Reading Proficiency Scales: They can understand short, simple texts containing the most common words, including some shared international words, those written in common everyday language and those related to their activities. They can find specific information in simple everyday material such as advertisements, brochures, menus and timetables. They can identify specific information in simple written material such as letters, brochures and short newspaper articles describing familiar topics and can understand simple instructions on equipment encountered in everyday life. They can understand everyday signs and notices in public places, such as streets, restaurants, railway stations and in workplaces.

Speaking Proficiency Scales: Students at the level 102 can construct phrases on familiar topics with sufficient ease to handle short exchange. They can produce brief everyday expressions in order to satisfy simple needs of a concrete type: personal details, daily routines, wants and needs, requests for information. They are able to use basic sentence patterns and communicate with memorized phrases, groups of a few words and formulae about themselves and other people, what they do, places, possessions etc. They have sufficient vocabulary for the expression of basic communicative needs and for coping with simple survival needs. They can control a narrow repertoire dealing with concrete everyday need and use some simple structures correctly. It is usually clear what they are trying to say. Pronunciation is generally clear enough to be understood.. They can expand learned phrases through simple combinations of their elements, can tell a story or describe something in a simple list of points and can link groups of words with simple connectors. They can make and respond to invitations, suggestions and apologies, can ask for attention and can reasonably fluently relate a straightforward narrative or description as a linear sequence of points.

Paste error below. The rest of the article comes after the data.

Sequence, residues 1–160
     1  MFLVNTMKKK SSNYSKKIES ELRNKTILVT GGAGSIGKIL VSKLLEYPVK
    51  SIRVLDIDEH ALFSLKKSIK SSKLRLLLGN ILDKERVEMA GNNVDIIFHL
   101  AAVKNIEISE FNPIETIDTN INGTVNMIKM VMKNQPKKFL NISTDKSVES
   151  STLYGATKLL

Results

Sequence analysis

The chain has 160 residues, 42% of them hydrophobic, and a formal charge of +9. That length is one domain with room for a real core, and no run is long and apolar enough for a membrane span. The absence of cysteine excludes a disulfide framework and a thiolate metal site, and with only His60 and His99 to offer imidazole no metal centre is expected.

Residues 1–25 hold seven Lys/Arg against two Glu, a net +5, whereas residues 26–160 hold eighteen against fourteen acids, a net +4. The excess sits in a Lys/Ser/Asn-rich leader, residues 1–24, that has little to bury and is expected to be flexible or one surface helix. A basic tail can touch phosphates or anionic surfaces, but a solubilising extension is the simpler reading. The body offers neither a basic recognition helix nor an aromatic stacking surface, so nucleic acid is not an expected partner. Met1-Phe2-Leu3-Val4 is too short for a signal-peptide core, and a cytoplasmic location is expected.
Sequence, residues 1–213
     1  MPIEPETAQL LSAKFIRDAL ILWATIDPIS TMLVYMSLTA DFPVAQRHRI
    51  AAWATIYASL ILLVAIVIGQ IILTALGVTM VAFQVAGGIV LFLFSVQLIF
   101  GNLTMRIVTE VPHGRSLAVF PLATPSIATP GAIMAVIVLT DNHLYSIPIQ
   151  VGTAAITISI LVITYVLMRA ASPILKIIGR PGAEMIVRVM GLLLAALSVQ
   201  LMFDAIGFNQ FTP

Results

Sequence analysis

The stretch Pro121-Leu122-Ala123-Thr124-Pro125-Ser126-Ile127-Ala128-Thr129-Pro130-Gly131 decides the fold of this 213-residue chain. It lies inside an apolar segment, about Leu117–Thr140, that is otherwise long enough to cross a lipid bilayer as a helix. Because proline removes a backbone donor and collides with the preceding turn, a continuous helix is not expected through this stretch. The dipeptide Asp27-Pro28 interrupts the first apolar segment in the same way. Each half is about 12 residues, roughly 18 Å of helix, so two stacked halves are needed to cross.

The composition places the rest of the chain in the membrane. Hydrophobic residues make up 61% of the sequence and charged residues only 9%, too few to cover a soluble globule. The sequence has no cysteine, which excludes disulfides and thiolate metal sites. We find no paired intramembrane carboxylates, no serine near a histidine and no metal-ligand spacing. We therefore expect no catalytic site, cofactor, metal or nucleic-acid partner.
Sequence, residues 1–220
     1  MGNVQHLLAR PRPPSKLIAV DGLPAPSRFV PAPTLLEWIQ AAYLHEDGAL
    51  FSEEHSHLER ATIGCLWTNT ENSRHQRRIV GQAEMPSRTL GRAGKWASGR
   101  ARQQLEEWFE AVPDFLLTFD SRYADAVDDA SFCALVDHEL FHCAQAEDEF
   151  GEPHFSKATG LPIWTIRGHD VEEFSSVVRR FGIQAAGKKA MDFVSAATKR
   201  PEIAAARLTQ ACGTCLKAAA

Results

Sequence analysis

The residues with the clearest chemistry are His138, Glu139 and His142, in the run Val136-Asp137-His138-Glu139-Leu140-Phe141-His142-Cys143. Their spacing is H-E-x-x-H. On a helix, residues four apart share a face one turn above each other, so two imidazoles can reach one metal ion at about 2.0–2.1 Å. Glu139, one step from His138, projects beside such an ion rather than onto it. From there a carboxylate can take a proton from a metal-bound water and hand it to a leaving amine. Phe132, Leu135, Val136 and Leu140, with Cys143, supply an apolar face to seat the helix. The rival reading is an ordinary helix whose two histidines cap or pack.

Writing Proficiency Scales: They can give short, basic descriptions of events and activities and can write simple notes and messages relating to matters of everyday life, can describe plans and arrangements and can explain what they like or dislike about something. They can describe their family, living conditions, schooling, present or most recent job and can describe past activities and personal experiences.

    Upon completion of this course, students will be able to use the following: